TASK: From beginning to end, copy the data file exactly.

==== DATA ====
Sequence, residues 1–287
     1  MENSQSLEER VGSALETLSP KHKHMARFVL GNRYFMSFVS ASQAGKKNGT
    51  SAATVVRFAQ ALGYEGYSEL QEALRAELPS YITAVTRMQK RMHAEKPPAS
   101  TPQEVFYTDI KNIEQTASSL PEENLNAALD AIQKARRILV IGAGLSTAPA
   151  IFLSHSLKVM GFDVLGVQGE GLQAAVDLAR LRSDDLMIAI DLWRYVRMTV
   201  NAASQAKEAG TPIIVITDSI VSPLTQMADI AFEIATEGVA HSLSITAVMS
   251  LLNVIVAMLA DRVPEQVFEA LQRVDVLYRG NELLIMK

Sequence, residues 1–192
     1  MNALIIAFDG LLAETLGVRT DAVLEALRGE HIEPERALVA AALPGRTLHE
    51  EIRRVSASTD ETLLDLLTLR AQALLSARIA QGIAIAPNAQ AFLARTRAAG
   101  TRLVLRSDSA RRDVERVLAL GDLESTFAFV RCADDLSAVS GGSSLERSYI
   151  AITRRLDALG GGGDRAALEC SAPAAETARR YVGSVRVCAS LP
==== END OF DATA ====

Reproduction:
Sequence, residues 1–287
     1  MENSQSLEER VGSALETLSP KHKHMARFVL GNRYFMSFVS ASQAGKKNGT
    51  SAATVVRFAQ ALGYEGYSEL QEALRAELPS YITAVTRMQK RMHAEKPPAS
   101  TPQEVFYTDI KNIEQTASSL PEENLNAALD AIQKARRILV IGAGLSTAPA
   151  IFLSHSLKVM GFDVLGVQGE GLQAAVDLAR LRSDDLMIAI DLWRYVRMTV
   201  NAASQAKEAG TPIIVITDSI VSPLTQMADI AFEIATEGVA HSLSITAVMS
   251  LLNVIVAMLA DRVPEQVFEA LQRVDVLYRG NELLIMK

Sequence, residues 1–192
     1  MNALIIAFDG LLAETLGVRT DAVLEALRGE HIEPERALVA AALPGRTLHE
    51  EIRRVSASTD ETLLDLLTLR AQALLSARIA QGIAIAPNAQ AFLARTRAAG
   101  TRLVLRSDSA RRDVERVLAL GDLESTFAFV RCADDLSAVS GGSSLERSYI
   151  AITRRLDALG GGGDRAALEC SAPAAETARR YVGSVRVCAS LP